Jeffries said that his interest in medicine started early in life when he was possibly an elementary school student.
“I found that science was definitely one of the drivers that I always enjoyed,” Jeffries, 59, said of biology and chemistry classes, in particular.
He added that the loss of his brother to acute lymphoblastic leukemia when he was a teenager was “one of the biggest inspirations” for him to pursue a career in medicine.
“I had no one else in the family in medicine,” he said, adding that his father did obtain a nursing degree, but he had no exposure to physicians of color in his formative years. A portion of his adulthood was much of the same.
Jeffries said that he was in his late 20’s when he met for the first time a Black physician in internal medicine who was one of two internists where he did his training at St. Joe’s in Ann Arbor.
“I came to Henry Ford in 1991 and was hired by a gentleman who is from Malawi — that was my first [Black] mentor when I became a senior staff at Henry Ford.”
He added that it “would be nice” to see great representation and have more Black men in the medical field.
“I talk about this constantly … how we don’t see the numbers — we need to start at an early age … to get to hopefully 10 percent or more of the physician workforce,” he said adding that this starts early in elementary school and middle school. “Identifying those that have the talent and the potential for matriculating into healthcare careers, especially medicine.”
Dr. Stallion is In
Anthony Stallion, chief of Pediatric Surgery at Beaumont Children’s, specializes in pediatric general and thoracic surgery, and hails from St. Louis, Mo., originally. The 60-year-old’s medical career began locally after he graduated from college in Michigan and started his pediatric surgery training at Children’s Hospital.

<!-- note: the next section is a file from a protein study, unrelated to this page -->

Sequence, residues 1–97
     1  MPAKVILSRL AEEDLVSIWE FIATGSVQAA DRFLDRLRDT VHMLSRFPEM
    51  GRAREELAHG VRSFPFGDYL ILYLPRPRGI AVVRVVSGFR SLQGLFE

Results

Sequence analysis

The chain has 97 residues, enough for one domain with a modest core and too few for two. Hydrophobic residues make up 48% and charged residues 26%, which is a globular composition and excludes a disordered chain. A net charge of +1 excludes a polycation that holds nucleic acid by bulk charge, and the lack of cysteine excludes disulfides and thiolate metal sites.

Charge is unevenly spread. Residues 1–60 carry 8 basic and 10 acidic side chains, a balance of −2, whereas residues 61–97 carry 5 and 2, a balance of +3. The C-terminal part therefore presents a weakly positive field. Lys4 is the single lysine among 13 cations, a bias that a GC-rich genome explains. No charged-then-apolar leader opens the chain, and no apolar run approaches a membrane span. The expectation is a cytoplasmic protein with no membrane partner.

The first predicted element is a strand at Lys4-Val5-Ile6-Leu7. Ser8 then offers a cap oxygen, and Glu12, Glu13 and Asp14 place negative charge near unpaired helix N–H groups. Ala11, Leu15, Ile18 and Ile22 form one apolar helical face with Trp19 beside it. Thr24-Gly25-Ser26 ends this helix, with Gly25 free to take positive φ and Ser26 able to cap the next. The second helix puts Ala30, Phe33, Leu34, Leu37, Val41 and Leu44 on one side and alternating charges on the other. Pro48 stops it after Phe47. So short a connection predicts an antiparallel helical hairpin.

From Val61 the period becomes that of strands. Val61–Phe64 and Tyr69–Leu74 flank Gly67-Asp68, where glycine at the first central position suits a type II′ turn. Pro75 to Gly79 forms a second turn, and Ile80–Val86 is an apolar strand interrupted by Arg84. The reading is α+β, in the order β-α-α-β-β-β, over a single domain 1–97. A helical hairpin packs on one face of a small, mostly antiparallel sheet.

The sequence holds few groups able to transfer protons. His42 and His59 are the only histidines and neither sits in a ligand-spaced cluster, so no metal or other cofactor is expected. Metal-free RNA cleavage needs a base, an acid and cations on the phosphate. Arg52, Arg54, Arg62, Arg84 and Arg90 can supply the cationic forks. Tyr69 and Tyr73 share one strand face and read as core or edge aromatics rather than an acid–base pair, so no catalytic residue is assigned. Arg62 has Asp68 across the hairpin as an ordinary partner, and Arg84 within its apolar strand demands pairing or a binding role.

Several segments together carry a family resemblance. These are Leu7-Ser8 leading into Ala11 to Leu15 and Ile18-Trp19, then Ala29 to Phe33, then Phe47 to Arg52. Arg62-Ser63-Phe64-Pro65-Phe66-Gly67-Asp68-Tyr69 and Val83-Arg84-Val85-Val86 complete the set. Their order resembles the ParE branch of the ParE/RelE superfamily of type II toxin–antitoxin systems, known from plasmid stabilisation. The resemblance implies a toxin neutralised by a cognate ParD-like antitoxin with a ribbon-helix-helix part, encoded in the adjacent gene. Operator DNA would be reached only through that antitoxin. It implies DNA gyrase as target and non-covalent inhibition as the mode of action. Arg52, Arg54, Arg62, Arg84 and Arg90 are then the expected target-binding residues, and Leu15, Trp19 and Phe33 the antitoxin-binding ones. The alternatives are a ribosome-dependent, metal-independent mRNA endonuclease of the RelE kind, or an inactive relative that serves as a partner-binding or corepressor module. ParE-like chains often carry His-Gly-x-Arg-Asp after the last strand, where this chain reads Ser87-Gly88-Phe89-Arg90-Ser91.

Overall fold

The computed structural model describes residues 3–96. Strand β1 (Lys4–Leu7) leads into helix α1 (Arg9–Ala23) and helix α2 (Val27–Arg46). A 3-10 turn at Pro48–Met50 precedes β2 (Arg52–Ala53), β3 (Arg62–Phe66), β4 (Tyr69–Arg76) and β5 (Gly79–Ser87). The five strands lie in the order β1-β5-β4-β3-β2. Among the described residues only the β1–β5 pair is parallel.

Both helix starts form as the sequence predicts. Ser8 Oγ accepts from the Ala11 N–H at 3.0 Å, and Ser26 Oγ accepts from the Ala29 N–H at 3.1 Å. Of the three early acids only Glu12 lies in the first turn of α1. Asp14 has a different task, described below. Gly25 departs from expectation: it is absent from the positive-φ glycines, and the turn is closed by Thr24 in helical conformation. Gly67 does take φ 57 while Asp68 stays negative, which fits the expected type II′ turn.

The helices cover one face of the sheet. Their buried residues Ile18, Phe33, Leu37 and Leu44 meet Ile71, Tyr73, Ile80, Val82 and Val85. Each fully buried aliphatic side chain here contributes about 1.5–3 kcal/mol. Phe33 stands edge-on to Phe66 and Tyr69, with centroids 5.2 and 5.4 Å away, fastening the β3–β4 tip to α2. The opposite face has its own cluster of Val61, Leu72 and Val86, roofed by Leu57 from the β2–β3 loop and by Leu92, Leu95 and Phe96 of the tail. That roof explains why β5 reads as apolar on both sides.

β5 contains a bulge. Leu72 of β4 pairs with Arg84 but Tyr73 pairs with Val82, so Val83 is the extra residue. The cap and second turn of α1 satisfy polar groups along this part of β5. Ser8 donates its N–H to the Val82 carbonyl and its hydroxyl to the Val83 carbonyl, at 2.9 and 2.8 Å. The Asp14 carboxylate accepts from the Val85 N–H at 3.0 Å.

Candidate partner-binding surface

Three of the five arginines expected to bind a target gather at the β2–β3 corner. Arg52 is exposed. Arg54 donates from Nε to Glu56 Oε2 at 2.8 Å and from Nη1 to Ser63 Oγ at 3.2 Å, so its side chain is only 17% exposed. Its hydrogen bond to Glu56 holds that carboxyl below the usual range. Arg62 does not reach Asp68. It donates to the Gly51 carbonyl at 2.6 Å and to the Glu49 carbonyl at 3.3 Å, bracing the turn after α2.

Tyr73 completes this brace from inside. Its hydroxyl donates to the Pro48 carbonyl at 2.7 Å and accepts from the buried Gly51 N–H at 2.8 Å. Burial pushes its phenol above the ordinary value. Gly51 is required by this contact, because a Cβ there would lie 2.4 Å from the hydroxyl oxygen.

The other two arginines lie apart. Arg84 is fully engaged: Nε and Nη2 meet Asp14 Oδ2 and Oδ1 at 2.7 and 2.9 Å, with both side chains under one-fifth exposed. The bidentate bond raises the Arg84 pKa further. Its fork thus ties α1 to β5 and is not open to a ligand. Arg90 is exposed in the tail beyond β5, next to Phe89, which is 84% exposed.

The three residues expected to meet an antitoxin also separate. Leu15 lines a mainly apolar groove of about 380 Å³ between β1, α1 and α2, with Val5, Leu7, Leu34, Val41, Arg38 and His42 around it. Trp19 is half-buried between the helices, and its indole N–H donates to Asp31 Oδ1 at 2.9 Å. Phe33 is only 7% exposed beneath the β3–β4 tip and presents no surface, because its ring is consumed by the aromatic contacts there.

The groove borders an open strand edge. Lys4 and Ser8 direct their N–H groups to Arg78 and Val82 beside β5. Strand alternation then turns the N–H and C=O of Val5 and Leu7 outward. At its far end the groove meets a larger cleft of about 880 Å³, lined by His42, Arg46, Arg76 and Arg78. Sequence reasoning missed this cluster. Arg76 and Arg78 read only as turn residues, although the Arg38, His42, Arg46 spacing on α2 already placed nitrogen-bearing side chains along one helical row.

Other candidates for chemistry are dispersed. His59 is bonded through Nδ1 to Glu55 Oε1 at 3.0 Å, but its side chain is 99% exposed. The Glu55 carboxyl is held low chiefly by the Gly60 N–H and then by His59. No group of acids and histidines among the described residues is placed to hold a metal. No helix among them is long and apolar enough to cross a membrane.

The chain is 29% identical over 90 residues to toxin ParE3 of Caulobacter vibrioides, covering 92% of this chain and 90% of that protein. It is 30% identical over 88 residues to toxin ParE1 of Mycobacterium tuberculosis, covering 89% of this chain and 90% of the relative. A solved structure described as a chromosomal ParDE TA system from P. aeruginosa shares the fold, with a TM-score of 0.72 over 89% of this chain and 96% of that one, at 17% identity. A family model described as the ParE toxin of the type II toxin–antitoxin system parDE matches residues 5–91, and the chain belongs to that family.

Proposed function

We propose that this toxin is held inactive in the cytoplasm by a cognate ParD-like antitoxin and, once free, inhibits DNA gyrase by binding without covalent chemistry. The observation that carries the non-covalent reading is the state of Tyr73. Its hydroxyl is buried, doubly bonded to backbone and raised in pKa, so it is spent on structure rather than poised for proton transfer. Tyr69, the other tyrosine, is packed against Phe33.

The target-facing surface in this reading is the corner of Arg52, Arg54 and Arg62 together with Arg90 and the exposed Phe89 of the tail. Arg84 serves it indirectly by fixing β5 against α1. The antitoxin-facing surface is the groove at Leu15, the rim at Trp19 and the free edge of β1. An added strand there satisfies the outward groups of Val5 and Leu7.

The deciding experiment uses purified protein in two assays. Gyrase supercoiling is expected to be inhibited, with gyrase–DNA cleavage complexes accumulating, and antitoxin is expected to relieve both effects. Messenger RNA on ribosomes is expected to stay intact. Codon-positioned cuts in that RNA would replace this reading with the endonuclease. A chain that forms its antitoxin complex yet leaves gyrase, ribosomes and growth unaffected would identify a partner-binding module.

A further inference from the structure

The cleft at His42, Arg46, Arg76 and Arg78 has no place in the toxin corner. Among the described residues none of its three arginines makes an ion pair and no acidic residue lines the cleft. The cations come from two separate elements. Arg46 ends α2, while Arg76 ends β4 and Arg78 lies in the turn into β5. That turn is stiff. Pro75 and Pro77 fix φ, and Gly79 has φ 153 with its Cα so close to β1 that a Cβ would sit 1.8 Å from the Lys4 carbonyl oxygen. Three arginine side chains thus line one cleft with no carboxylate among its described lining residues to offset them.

He was a general surgery resident in 1994 and completed pediatric surgery in 1996. Out of the 225 students graduating in his University of Michigan Medical School class in 1983, seven or eight were Black men.
“That wasn’t a lot then,” he said, adding that the numbers have gotten more than likely worse now.
Stallion said that the lack of Black men in this field boils down to “the lack of opportunity and the lack of chance to pursue careers.”
He added that the issue is not a lack of interest but “how we treat our African American males from the very beginning.”
He said it’s important to work with students, especially Black boys, and help cultivate their interest each step of the way.
“When you talk about the percentage who go into medicine … the vast majority of the people of color who were going into medicine are women,” he said. “The males have been left behind in a sense …not getting support and the mentorship and so forth that is necessary.”
Stallion said that having role models can be hard when they are not readily in front of Black boys.
“You don’t know that is a possibility for you and it’s hard for your eyes to be opened to something that you don’t know even exists,” he said.